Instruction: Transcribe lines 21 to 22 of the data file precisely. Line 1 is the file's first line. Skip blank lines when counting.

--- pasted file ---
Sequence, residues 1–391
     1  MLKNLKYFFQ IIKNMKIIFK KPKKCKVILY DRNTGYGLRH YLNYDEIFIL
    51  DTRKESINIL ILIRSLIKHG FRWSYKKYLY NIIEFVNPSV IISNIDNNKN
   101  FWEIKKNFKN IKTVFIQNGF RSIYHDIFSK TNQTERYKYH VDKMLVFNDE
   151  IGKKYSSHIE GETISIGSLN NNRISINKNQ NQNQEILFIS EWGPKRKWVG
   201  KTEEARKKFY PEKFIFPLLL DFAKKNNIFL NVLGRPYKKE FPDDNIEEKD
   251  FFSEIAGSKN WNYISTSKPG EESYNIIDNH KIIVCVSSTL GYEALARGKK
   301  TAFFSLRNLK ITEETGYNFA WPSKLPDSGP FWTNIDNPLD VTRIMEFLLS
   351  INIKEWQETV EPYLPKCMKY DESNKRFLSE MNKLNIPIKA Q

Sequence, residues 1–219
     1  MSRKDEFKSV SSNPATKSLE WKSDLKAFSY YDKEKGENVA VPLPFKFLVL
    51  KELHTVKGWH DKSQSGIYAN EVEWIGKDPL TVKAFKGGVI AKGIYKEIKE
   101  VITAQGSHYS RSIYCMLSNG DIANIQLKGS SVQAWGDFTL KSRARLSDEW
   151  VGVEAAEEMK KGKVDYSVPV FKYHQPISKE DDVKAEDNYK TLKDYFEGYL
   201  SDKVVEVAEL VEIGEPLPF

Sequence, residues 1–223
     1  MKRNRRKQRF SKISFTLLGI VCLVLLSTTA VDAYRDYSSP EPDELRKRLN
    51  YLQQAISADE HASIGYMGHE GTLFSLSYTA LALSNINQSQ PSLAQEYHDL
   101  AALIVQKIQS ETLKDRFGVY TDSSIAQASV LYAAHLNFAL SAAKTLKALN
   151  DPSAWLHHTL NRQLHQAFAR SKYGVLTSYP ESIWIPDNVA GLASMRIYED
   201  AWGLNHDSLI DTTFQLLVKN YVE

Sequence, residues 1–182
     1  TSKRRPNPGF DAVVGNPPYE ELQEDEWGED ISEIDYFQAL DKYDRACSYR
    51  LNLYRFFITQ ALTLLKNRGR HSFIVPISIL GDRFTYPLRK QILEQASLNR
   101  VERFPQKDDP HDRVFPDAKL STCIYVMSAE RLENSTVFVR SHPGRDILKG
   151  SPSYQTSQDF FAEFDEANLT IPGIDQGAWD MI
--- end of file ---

   201  AWGLNHDSLI DTTFQLLVKN YVE

Sequence, residues 1–182